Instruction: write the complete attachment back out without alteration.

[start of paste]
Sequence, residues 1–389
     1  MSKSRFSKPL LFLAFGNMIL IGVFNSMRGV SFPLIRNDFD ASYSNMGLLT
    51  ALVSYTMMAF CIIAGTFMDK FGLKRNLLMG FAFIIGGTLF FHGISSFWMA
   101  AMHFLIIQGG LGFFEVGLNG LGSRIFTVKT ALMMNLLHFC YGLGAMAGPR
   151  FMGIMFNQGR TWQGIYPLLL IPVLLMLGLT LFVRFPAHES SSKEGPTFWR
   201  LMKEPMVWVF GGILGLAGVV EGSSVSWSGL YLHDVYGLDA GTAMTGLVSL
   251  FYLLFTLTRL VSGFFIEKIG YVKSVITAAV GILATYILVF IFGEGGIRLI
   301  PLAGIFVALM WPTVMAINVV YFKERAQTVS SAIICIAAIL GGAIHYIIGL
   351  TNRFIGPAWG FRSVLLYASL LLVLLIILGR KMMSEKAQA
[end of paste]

Sequence, residues 1–389
     1  MSKSRFSKPL LFLAFGNMIL IGVFNSMRGV SFPLIRNDFD ASYSNMGLLT
    51  ALVSYTMMAF CIIAGTFMDK FGLKRNLLMG FAFIIGGTLF FHGISSFWMA
   101  AMHFLIIQGG LGFFEVGLNG LGSRIFTVKT ALMMNLLHFC YGLGAMAGPR
   151  FMGIMFNQGR TWQGIYPLLL IPVLLMLGLT LFVRFPAHES SSKEGPTFWR
   201  LMKEPMVWVF GGILGLAGVV EGSSVSWSGL YLHDVYGLDA GTAMTGLVSL
   251  FYLLFTLTRL VSGFFIEKIG YVKSVITAAV GILATYILVF IFGEGGIRLI
   301  PLAGIFVALM WPTVMAINVV YFKERAQTVS SAIICIAAIL GGAIHYIIGL
   351  TNRFIGPAWG FRSVLLYASL LLVLLIILGR KMMSEKAQA